The best way to get yourself to ride in adverse conditions is to agree to meet a friend or friends at a certain time or place. No one wants to be the one to wimp out.
Have an Immediate Goal
It’s hard to be motivated to ride when it’s cold, and especially when it’s rainy. It’s too easy to slack off if your goal is to do specific club rides next summer or a goal event months away.
Set an achievable near-term goal like riding five hours a week (outdoors and on the trainer). Many of my clients participate in Randonneurs USA P-12 program to ride a 100K every month for 12 months: http://www.rusa.org/award_p12.html. Some participate in the R-12 to ride 200K every month for 12 months. That’s a lot of time in the saddle in the winter! http://www.rusa.org/award_r12.html
Stop for Coffee or Lunch
My training partner and I ride year-round, and every ride includes a stop for, at least, coffee and usually for lunch. The planned stop gives us something to look forward to as we pedal in the cold, as well as a chance to warm up.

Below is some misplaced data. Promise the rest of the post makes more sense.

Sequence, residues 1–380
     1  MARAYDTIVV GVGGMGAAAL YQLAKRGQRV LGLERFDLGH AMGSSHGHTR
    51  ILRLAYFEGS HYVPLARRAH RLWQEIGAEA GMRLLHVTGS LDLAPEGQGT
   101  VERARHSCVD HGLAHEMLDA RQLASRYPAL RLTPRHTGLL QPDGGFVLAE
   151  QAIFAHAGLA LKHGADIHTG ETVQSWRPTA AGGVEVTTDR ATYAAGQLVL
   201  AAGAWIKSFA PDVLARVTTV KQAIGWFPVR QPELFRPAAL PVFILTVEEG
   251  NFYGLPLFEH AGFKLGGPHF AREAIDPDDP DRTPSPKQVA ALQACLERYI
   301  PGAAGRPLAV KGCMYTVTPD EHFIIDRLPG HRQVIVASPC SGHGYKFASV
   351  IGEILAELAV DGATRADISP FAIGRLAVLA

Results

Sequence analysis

Combine Outdoor and Indoor Cycling in a Single Ride
I sometimes tell a client that I want the rider to do a two-hour ride, with at least 30 minutes outdoors and the rest may be on the trainer. The rider gets to choose whether to ride as much as two hours outdoors or as little as 30 minutes. It’s much easier to start with the time outdoors rather than starting on the trainer and dreading the outdoor segment.
Split Workouts If Necessary
Remember that the physiological adaptations from base training are the result of volume. I often tell a client to give me three hours of riding over the weekend. Depending on family responsibilities, weather and the rider’s motivation, s/he could do a three-hour ride, or 90 minutes outdoors in the morning and the rest on the trainer after dinner watching TV with her family, or three separate one-hour rides over Saturday and Sunday.